Whilst the world's attention was focused on the signing of the Treaty of Nice, here in Budapest a more modest, yet perhaps equally significant event took place in the Parliament as the EU-Hungary Joint Parliamentary Committee (JPC) held its 15th session in the dignified surroundings of the Delegation Hall.
Whereas criticism was voiced by the European Parliament side concerning the results of the Nice summit (creating the impression that the Nice agreements represented a somewhat inept and inadequate compromise), the grass looks greener from the Hungarian side of the fence. The only fly in the ointment is the number of seats to be allocated to Hungary in the European Parliament. Co-chairman József Szájer's assessment provided an accurate reflection of the Hungarian stance:
Looking back at the Nice summit of December we can see that in the history of the European Union there has perhaps never been such a mammoth negotiating process in the interests of a successful realisation of the aims of institutional reform. The Treaty of Nice, which is due to be signed this very day, has not inspired unambiguous satisfaction and enthusiasm amongst a number of the member states and certain of the Union's institutions. The Hungarian view is that the compromises reached at the Nice summit in the realm of institutional reform have fulfilled their historical mission. The Treaty of Nice will guarantee the balanced functioning of the Union and has removed the final obstacle in the path of enlargement on the Union side.
Perhaps it will not be considered as putting a drop of poison in the chalice if I were to mention that in one respect the otherwise satisfactory results of the Nice compromise have put Hungary at a disadvantage. When the decision was taken about the number of seats to be allocated to Hungary in the European Parliament we received two seats less than we ought to have in accordance with the size of our population, which contradicts the principle according to which each country is awarded seats in proportion to its population. We attach a great deal of importance to seeing this horizontal discrimination remedied at an appropriate stage of the negotiations in keeping with the principle of equality between the member states.
The successful conclusion of the Intergovernmental Conference affords the Union the opportunity—in harmony with the programme of the Swedish Presidency—to deal with Enlargement and the accession negotiations as a top priority. In the course of the six months of the Swedish Presidency questions pertaining to the four freedoms [free movement of goods, capital, services and workers] will feature on the agenda of these negotiations. We harbour well-founded expectations that five to eight chapters can be closed during the Swedish Presidency and, provided that this breakthrough does indeed take place—by 2002 only the most difficult issues would remain on the negotiating table.
Anomaly or discrimination?
These sentiments were echoed by Ferenc Mádl, the President of the Republic, when he addressed the committee, emphasising first that Hungary is willing to put its money where its mouth is in terms of preparing for accession:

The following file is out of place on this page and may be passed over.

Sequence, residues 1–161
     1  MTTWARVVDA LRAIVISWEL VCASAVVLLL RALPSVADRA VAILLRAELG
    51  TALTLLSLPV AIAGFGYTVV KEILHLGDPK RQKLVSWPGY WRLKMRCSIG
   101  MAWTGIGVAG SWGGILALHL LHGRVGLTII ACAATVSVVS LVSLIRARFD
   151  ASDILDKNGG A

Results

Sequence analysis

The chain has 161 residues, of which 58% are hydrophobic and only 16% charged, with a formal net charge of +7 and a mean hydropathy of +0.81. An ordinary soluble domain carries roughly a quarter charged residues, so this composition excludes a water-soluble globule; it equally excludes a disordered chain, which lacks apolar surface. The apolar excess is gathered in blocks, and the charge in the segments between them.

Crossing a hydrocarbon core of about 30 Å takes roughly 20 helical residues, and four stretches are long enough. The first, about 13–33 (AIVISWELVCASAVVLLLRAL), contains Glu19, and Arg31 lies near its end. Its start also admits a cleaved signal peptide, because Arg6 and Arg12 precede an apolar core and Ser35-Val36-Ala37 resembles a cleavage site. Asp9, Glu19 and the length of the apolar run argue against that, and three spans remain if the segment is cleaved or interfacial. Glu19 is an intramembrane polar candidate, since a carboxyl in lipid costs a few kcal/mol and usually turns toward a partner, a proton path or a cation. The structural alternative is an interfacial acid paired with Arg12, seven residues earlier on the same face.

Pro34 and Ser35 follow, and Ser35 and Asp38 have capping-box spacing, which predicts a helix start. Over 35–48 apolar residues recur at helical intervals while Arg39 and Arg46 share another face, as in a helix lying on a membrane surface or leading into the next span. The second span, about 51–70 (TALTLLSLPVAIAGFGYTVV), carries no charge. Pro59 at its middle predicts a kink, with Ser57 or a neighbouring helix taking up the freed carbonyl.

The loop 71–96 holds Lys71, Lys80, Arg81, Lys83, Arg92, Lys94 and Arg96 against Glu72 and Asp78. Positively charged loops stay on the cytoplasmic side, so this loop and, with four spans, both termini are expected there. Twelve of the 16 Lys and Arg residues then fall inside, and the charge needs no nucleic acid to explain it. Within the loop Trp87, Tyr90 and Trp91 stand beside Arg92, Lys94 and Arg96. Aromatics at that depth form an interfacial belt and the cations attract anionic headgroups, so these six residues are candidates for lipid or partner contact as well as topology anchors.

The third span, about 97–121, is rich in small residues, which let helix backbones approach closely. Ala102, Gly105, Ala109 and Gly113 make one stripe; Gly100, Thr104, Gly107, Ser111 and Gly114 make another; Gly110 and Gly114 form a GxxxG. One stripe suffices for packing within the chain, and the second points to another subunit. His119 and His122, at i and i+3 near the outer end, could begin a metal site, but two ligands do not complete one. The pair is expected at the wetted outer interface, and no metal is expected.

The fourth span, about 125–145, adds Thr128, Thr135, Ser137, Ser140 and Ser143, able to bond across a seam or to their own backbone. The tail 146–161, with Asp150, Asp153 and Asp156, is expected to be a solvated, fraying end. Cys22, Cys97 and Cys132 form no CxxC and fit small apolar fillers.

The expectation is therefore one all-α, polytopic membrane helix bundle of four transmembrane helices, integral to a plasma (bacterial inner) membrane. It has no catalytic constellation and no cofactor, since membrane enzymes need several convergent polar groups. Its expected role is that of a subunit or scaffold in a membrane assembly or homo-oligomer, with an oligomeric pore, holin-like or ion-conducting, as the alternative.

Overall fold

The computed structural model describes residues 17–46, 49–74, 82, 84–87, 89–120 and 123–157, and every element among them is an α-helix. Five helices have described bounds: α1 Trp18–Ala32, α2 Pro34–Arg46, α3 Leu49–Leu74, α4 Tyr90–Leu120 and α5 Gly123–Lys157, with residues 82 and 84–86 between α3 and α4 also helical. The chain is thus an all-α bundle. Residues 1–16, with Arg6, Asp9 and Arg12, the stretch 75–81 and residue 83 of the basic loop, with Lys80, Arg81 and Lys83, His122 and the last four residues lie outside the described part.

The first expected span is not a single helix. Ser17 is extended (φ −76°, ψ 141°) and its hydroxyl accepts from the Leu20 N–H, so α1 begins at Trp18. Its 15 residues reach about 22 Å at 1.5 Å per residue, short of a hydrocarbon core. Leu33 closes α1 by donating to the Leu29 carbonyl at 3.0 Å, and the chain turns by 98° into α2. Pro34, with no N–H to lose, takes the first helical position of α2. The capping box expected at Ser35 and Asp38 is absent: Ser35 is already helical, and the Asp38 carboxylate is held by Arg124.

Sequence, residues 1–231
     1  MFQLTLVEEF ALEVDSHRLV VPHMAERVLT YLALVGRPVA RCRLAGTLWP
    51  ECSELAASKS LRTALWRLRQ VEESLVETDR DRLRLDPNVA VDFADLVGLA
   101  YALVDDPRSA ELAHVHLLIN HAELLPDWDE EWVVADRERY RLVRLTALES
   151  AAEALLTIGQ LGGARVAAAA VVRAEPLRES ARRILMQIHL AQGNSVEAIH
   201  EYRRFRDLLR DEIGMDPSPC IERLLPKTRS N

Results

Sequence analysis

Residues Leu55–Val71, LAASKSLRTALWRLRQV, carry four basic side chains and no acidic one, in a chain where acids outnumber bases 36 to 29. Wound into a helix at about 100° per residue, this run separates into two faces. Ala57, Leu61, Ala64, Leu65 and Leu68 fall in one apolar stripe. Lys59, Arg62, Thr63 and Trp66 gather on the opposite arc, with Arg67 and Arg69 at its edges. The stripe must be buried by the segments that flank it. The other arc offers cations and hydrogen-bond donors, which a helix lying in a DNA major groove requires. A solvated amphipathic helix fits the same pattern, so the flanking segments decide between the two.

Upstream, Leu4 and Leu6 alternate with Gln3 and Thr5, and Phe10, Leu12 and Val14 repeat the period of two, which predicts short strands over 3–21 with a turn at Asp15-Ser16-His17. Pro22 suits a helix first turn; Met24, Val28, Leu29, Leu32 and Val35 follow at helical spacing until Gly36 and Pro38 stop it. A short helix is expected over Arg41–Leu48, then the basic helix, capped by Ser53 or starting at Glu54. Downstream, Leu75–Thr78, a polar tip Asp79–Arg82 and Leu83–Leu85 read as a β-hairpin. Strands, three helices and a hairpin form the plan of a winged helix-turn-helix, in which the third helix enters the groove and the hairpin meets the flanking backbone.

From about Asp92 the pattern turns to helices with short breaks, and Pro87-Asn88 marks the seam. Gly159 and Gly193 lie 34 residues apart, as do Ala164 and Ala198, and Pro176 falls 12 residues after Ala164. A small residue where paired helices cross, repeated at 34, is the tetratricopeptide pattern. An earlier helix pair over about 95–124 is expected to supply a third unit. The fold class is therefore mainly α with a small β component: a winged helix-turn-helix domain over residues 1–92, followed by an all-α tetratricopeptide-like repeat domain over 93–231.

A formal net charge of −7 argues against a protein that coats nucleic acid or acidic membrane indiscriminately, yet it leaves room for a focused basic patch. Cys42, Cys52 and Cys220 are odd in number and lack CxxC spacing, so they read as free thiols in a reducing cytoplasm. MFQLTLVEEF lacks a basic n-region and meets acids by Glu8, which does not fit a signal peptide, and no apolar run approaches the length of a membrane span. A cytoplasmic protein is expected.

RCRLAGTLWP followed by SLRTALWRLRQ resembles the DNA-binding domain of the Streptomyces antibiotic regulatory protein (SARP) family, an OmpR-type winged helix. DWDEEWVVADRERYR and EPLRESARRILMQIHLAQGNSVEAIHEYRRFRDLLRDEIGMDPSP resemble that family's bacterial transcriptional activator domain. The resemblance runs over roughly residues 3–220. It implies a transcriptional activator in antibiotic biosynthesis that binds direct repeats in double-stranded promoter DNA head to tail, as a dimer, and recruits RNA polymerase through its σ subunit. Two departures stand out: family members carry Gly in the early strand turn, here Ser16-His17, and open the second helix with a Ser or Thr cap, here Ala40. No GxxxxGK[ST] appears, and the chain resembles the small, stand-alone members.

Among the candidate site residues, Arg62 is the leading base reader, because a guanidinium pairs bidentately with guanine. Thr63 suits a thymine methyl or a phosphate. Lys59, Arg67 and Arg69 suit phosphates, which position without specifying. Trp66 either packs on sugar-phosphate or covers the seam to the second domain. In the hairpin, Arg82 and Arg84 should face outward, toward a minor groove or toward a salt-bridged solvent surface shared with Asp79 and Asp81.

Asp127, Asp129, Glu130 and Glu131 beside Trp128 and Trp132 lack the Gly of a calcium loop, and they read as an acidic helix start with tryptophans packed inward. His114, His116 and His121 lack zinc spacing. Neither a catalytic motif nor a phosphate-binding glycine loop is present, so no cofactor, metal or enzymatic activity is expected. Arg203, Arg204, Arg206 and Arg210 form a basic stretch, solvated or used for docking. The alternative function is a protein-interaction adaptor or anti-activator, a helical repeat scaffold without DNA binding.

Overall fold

Let me tell you, Ladies and Gentlemen, that as far as Hungary is concerned, the central budget adopted by our Parliament for the next two years allocates more than HUF 100 billion, approximately EUR 370 million, to facilitating the alignment of legislation and institutional developments necessary to taking on board the acquis communautaire.
As far as the European Union is concerned, we find that, as a result of the hard work of previous years and the decisions made in Nice, the preconditions now exist for achieving a major breakthrough in accession negotiations in 2001. We have to make full use of this opportunity. We are confident that all the problems can be tackled and resolved, provided we assess and identify them properly and adopt a nuanced, individual approach.
In accordance with the resolutions of the Nice summit, the number of votes Hungary will be entitled to in Council is in line with its size. We will also be able to delegate a Commissioner to the European Commission. However, the number of seats that Hungary and the Czech Republic will have in the European Parliament is less than the number of seats that current EU members with a similar population size have at present. I believe that once we reach the stage of discussing the institutional chapters in the course of accession negotiations, we will have to broach this issue, because if it were not to be resolved then a fundamental EU principle would be breached. Such a state of affairs would imply discrimination between long-standing and new members of the European Union.
With his customary diplomacy, President Mádl referred to the discrepancy in the number of seats as an "anomaly," carefully avoiding the merest hint of annoyance or aggression, explaining that Hungary hoped the correction could be made in the framework of the accession treaty at the latest.
Judged on their own merits
On behalf of the Council, Swedish Ambassador Staffan Carlsson reiterated his country's commitment to focusing on the "three E's" [employment, environment and enlargement] and ambitions to speed up the negotiating process: